The AIDS epidemic in the United States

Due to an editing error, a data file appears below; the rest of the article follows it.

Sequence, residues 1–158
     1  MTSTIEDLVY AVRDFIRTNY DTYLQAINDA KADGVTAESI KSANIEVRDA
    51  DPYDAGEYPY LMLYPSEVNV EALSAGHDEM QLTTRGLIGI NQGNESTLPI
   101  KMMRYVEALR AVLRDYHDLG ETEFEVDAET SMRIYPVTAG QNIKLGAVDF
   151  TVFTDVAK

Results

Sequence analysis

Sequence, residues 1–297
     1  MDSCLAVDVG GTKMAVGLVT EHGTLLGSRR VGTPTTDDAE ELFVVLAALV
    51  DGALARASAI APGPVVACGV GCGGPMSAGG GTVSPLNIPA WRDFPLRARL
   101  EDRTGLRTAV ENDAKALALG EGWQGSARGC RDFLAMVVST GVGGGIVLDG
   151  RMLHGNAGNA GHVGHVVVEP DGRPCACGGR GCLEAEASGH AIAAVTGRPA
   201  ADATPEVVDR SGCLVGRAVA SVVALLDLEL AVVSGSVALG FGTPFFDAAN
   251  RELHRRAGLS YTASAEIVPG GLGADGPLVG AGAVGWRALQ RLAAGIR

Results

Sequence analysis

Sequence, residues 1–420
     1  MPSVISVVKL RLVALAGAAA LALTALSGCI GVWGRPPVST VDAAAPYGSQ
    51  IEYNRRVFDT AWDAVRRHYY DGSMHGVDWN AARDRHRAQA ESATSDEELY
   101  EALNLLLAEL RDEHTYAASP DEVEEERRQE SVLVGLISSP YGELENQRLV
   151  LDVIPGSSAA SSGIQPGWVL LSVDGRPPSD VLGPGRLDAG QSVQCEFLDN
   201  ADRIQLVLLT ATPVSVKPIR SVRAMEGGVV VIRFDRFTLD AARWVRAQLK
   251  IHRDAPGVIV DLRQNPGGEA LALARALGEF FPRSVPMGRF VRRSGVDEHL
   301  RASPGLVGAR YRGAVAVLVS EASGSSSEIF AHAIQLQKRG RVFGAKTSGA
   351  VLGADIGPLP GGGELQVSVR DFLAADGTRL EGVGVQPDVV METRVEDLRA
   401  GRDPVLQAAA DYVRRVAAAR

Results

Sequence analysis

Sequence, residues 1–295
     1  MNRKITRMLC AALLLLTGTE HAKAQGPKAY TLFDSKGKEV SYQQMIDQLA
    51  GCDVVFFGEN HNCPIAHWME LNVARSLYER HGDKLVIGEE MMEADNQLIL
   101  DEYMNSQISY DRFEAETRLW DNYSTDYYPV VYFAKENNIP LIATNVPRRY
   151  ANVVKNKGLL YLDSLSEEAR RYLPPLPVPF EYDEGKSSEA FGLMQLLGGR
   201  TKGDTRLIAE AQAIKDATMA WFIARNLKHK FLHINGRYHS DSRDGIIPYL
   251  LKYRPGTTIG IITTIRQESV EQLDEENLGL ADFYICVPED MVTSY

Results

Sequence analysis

Beginning in the early 1980s, the AIDS epidemic in the United States rapidly became a public health crisis, as LGBTQ+ communities were abandoned by the government, by medical figures, and by the general society. This thesis documents a variety of artistic responses to the AIDS crisis, where art was utilized as a tool to de-stigmatize the illness, to initiate conversations with the medical and political communities, and to establish a level of basic human understanding of the disease and its impact. Three examples are explored: (1) Gran Fury, (2) the AIDS Memorial Quilt, and (3) Felix Gonzalez-Torres. In the first section, Gran Fury's graphic designs and flyers are analyzed to show its abilities in shifting the blame away from AIDS-diagnosed individuals to leading figures and institutions of the country. In the second section, the AIDS Memorial Quilt is shown to be an effective, therapeutic tool for mourning and a platform to demonstrate the vastness of the disease. Lastly, Felix Gonzalez-Torres's unique art installations create an interplay between private experiences and public settings to highlight the feelings of love and loss and to show the universality of the disease and its influence.